October 05, 2018 | Posted in:

How Tax Reform Changes Education Tax Benefits

As students head back to school, there are some changes to education deductions that could save or cost you more in taxes and even raise college tuition costs. Here is what you need to know to get up to speed:


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    Type of Taxes:

    What is Gone

    Continuing Education as an itemized deduction:

    In previous years, you could deduct expenses paid for job-related continuing education as a miscellaneous itemized deduction. This deduction has been eliminated. However, if your employer will pay for the education, they can cover up to $5,250 tax-free.

    Home equity line of credit (HELOC) interest for education expenses:

    A popular method of generating cash to pay for school expenses is taking out a HELOC. Beginning in 2018, you can only deduct HELOC interest if you use the loan proceeds to buy, build or substantially improve your home. This means that if you plan to obtain HELOC for purposes of paying for education expenses, the interest will not be deductible.

    What’s New

    529 plans cover K-12 tuition:

    Funds from Section 529 savings plans can now be used tax-free to pay for up to $10,000 in K-12 private school tuition per year. Books, supplies or other K-12 expenses are not included in this change, but they are still eligible as legitimate college expenses. Be careful – not all states have adopted the K-12 inclusion, so they might still be taxable at the state level.

    “One of the great features of a Section 529 plan is that the funds grow tax-free.  In order to take advantage of this, the funds probably need to be invested for more than a short amount of time.  Contributing to a plan for a five year-old child may not produce much tax-free income if the funds are used right away to pay for first grade, for instance.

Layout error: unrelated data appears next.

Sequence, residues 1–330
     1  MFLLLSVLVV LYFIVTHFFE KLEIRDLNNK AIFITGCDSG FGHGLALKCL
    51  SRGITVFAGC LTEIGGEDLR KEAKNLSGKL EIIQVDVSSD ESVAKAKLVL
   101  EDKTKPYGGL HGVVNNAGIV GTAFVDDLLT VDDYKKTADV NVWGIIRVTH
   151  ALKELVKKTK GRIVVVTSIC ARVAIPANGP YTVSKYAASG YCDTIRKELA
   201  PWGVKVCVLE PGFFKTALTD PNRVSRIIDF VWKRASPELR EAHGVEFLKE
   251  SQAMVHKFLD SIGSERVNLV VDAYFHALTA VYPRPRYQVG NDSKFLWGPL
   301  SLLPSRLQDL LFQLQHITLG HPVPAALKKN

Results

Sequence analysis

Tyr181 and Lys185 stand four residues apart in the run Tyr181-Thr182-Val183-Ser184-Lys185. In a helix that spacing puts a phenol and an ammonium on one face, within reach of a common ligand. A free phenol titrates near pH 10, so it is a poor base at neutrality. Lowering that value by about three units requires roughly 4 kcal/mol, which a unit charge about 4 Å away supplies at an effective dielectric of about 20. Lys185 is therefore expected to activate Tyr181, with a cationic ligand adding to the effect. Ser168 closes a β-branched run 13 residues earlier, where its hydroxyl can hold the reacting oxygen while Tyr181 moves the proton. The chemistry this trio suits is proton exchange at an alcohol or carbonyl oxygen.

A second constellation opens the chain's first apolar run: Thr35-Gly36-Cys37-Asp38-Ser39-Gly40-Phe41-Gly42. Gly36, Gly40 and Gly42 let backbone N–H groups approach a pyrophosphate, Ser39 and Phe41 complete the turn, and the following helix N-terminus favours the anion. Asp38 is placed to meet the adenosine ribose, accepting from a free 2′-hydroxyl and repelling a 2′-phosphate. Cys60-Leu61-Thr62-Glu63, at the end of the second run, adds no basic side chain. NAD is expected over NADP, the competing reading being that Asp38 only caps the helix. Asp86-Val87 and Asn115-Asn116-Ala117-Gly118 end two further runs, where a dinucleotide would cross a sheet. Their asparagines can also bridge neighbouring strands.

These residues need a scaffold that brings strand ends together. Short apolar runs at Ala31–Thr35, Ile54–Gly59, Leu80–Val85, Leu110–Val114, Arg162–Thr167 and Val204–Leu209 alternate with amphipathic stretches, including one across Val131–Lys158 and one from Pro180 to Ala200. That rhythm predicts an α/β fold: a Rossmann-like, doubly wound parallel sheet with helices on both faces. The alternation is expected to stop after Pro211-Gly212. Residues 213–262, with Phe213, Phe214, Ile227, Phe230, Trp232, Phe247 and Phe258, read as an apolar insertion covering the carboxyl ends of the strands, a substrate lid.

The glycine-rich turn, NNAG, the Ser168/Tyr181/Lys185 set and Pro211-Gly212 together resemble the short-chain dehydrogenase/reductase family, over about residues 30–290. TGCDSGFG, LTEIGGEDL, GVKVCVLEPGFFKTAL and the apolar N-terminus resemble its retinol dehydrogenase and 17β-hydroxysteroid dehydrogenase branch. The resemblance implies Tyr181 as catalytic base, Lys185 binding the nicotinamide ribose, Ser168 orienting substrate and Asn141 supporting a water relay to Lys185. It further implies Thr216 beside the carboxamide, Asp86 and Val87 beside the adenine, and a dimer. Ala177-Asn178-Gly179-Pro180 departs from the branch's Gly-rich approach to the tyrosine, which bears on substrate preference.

Remember that withdrawals from Section 529 plans are measured on a calendar year basis.  That means that the qualified expenses should also be paid within the same calendar year.  Don’t withdraw money in December if you won’t be paying tuition until January.” — Julie Strohlein, CPA

    Endowment tax of 1.4 percent on certain private colleges:

    Congress added an investment income tax on private colleges that have large endowments. The tax is expected to impact roughly 30 schools, including Stanford, Harvard and Notre Dame. The effects of the new tax are yet to be determined. However, tuition may increase or reduced financial aid award amounts may be implemented to offset the cost.

    What Stays The Same

    Student loan interest deduction:

    You may deduct up to $2,500 in student loan interest in 2018 as an adjustment to income. To qualify, your adjusted gross income must be below $80,000 ($165,000 for married couples). Phaseouts start to apply at $65,000 ($135,000 for married couples).

    American Opportunity Tax Credit and Lifetime Learning Credit:

    All three of these educational tax benefits are available once again. Here’s a chart with basic information on these options:

    American Opportunity
    Tax Credit
    Learning Credit
    Max Amount $2,500 credit $2,000 credit
    Refundable? Yes – $1,000 No
    Max Years 4 Unlimited
    Eligible Education Undergraduate Undergraduate
    & graduate

    As a reminder, when you make payments for any education expenses, make sure to keep your receipts and retain any Forms 1098T sent to you from qualifying schools.

    Contact Alloy Silverstein for more information.


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